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Article Dans Une Revue Journal of Affective Disorders Année : 2018

Work intensity in men and work-related emotional demands in women are associated with increased suicidality among persons attending primary care

Résumé

Background: A large proportion of persons died by suicide are employed at the time of death and work-related factors partly contribute to suicide risk. Our aim was to examine the association between multiple aspects of work organization and suicidal ideation in a study conducted in primary care. Methods : Data came from a study of 2027 working patients attending a GP representative of patients in the Nord Pas-de-Calais region in France (April-August 2014). Suicidality was assessed using the MINI (Mini International Neuropsychiatric Interview). Six emergent worked-related factors were explored (work intensity, emotional demands, autonomy, social relationships at work, conflict of values, insecurity of work). Several covariates were considered: patient's and GP's characteristics, and area-level data (material and social deprivation, psychiatrist and GPs’ density, suicide attempts and suicide rates). Results : 8.0% of participants reported suicidal ideation in the preceding month (7.5% of men and 8.6% of women, p = .03). In multivariate analyses adjusted for covariates, suicidality was significantly associated with work intensity (OR = 1.65; 95%CI [1.18–2.31]) in men and with work-related emotional demands (OR = 1.35; 95%CI [1.01–1.80]) in women. Area-level data were not associated. Limitations : Our cross-sectional study cannot assess the direction of the relationships under study. Conclusion : Our results emphasise a central role for GPs in suicide prevention among workers and highlight the importance of work-related factors with regard to suicidality in primary care.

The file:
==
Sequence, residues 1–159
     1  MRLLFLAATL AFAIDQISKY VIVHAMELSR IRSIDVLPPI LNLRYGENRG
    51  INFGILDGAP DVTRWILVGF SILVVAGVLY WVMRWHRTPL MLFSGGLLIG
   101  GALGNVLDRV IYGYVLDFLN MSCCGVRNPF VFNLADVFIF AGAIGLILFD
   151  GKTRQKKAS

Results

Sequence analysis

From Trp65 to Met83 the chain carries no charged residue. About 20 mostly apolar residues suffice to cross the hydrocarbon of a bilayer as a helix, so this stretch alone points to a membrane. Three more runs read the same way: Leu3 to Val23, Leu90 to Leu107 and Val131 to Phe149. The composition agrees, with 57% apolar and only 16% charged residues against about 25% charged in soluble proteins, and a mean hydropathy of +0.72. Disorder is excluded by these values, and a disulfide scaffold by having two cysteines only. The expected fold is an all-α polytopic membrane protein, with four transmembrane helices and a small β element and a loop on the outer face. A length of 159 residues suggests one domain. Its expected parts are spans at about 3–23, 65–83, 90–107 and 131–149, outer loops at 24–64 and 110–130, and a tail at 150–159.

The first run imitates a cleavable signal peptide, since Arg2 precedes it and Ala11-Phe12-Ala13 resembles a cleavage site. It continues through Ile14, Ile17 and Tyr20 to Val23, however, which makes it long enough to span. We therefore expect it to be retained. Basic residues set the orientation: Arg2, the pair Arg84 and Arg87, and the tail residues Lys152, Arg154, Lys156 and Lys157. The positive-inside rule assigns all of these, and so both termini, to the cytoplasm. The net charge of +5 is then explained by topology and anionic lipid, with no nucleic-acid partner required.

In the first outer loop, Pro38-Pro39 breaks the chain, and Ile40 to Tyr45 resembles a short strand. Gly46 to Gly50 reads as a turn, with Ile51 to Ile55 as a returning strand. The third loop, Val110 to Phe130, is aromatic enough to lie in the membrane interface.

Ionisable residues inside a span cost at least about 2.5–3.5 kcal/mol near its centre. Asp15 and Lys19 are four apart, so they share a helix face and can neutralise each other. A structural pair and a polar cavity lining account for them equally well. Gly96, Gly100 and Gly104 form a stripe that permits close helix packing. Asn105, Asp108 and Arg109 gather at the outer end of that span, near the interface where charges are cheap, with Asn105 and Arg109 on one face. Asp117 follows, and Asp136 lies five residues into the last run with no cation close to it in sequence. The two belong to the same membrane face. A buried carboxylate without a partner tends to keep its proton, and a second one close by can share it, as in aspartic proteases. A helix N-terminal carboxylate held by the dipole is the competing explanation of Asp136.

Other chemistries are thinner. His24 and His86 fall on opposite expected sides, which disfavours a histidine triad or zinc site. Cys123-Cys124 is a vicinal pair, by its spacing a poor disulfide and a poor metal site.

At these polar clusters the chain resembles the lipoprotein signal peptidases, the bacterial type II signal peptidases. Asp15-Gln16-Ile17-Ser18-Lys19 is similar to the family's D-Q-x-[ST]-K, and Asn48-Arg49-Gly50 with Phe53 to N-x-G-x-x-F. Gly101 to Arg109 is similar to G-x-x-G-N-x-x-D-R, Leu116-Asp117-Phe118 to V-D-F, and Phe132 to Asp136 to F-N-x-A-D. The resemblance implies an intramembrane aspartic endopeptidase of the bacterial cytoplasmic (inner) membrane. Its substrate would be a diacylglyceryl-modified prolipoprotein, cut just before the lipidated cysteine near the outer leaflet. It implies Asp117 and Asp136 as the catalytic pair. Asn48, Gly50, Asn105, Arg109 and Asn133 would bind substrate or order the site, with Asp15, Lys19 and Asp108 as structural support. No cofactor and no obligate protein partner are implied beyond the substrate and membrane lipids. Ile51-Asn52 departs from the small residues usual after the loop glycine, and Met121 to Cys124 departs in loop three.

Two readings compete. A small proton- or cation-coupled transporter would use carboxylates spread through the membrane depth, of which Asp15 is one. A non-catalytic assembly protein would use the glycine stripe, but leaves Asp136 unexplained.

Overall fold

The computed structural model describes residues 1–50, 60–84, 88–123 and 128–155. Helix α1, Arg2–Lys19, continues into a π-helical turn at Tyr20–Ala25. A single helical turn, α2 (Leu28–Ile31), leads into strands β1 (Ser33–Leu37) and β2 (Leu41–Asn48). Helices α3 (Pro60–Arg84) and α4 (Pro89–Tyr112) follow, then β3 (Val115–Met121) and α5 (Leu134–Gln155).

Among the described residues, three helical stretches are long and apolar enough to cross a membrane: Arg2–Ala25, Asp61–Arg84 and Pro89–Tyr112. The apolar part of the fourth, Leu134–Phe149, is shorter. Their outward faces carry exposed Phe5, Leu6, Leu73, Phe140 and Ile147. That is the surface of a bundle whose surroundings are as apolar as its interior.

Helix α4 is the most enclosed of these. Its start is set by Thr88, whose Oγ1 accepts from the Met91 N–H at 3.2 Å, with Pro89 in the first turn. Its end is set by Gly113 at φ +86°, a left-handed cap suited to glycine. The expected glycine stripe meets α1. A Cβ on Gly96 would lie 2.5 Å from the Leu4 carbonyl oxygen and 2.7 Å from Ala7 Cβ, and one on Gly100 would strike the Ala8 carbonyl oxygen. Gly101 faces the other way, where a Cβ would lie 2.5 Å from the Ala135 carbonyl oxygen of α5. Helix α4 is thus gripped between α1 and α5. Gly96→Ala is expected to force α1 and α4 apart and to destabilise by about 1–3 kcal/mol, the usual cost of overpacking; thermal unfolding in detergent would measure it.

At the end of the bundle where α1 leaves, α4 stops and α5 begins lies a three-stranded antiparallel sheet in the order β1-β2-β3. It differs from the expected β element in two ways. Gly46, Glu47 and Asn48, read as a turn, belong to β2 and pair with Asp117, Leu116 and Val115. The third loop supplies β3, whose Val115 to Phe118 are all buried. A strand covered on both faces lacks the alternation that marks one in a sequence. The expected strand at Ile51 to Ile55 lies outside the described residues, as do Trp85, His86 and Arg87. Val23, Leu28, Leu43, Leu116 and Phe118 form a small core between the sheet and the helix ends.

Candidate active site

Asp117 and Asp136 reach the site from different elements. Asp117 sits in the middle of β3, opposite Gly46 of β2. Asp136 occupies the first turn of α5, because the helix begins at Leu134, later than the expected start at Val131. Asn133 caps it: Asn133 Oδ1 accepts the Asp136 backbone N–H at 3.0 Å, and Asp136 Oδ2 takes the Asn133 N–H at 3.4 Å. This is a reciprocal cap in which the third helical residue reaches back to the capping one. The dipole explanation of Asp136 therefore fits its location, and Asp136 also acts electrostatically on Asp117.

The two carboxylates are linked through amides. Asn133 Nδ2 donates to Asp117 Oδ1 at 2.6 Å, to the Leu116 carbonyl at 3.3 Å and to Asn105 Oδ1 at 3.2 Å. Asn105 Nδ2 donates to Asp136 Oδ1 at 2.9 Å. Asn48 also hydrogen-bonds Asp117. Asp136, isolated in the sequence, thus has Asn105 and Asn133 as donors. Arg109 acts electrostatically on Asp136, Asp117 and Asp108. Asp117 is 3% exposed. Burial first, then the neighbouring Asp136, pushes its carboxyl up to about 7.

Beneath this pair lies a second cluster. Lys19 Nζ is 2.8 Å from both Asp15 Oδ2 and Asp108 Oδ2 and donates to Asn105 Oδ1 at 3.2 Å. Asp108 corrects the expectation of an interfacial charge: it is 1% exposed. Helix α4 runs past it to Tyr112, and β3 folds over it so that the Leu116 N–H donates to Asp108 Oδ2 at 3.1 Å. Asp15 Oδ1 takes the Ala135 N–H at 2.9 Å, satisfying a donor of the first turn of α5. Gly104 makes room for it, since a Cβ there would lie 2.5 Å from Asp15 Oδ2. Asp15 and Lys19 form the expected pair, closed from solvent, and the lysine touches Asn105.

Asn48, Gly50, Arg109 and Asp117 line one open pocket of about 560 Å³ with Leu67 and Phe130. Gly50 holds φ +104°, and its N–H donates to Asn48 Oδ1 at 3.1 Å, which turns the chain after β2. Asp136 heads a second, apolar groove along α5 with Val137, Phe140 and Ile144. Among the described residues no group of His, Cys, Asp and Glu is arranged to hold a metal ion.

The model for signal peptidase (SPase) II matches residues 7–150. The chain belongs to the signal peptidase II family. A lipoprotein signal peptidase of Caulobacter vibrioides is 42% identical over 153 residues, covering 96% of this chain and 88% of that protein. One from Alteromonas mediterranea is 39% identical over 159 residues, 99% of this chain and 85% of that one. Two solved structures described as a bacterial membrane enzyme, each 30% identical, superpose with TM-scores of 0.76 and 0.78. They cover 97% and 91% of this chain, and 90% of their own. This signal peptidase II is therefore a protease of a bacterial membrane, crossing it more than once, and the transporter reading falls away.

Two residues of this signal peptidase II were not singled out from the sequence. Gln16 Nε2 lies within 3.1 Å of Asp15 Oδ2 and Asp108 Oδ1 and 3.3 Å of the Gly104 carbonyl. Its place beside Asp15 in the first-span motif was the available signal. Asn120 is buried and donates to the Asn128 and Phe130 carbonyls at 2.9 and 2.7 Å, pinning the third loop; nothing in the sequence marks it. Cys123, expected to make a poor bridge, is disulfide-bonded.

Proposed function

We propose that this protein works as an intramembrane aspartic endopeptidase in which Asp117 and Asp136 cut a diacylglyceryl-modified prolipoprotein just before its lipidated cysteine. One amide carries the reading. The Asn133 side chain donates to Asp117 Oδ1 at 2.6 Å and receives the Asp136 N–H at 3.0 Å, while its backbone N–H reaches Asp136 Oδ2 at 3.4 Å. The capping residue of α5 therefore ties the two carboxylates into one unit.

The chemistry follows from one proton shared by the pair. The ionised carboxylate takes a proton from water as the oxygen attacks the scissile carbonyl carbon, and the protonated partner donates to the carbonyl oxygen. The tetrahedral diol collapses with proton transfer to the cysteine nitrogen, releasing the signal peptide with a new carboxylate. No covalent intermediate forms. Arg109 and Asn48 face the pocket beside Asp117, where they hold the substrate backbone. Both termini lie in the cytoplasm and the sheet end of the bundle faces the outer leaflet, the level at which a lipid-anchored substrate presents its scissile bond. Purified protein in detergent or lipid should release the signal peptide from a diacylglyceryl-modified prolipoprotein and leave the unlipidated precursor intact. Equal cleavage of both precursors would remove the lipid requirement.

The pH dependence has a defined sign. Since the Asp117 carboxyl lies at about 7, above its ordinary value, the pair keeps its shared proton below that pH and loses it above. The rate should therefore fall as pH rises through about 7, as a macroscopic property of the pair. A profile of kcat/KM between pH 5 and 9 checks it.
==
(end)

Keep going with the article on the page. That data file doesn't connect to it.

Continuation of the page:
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hal-03860486 , version 1 (18-11-2022)

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Nadia Younes, M. Riviere, Laurent Plancke, Ariane Leroyer, Thierry Blanchon, et al.. Work intensity in men and work-related emotional demands in women are associated with increased suicidality among persons attending primary care. Journal of Affective Disorders, 2018, Journal of Affective Disorders, 235, pp.565-573. ⟨10.1016/j.jad.2018.04.075⟩. ⟨hal-03860486⟩
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